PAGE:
Amphibians (class Amphibia), such as frogs, toads, salamanders, newts, and caecilians, are ectothermic (or cold-blooded) animals that metamorphose from a juvenile water-breathing form, to an adult air-breathing form. Though amphibians typically have four limbs, the Caecilians are notable for being limbless. Unlike other land animals (amniotes), amphibians lay eggs in water. Amphibians are superficially similar to reptiles.
Mammals (formally Mammalia) are a class of vertebrate animals whose females are characterized by the possession of mammary glands while both males and females are characterized by sweat glands, hair, three middle ear bones used in hearing, and a neocortex region in the brain.
Reptiles, or members of the class Reptilia, are air-breathing, cold-blooded amniotes that have skin covered in scales or scutes as opposed to hair or feathers. They are tetrapods (having or having descended from vertebrates with four limbs) and lay amniote eggs, whose embryos are surrounded by the amnion membrane.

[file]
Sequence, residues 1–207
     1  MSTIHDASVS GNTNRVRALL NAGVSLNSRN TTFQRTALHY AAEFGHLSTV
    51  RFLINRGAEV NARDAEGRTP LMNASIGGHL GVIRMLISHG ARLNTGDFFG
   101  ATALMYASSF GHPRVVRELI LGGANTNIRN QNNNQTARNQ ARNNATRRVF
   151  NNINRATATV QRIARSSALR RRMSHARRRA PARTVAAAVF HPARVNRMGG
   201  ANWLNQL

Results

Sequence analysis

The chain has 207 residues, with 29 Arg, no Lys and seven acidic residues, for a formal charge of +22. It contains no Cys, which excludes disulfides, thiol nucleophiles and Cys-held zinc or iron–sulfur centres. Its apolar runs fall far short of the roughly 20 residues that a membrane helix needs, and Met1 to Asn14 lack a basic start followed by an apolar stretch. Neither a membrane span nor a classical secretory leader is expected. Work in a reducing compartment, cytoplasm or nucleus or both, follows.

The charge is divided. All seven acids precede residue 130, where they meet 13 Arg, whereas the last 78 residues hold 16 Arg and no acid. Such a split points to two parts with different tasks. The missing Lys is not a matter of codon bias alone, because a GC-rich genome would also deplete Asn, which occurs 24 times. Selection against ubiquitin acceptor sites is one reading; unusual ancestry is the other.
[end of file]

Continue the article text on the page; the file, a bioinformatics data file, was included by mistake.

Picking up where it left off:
Birds (class Aves) are winged, bipedal, endothermic (warm-blooded), vertebrate animals that lay eggs. There are around 10,000 living species, making them the most numerous tetrapod vertebrates. They inhabit ecosystems across the globe, from the Arctic to the Antarctic. Birds range in size from the 5 cm (2 in) Bee Hummingbird to the 2.7 m (8 ft 10 in) Ostrich.
A fish is any aquatic vertebrate animal that is typically ectothermic (or cold-blooded), covered with scales, and equipped with two sets of paired fins and several unpaired fins. Fish are abundant in the sea and in fresh water, with species being known from mountain streams (e.g., char and gudgeon) as well as in the deepest depths of the ocean (e.g., gulpers and anglerfish).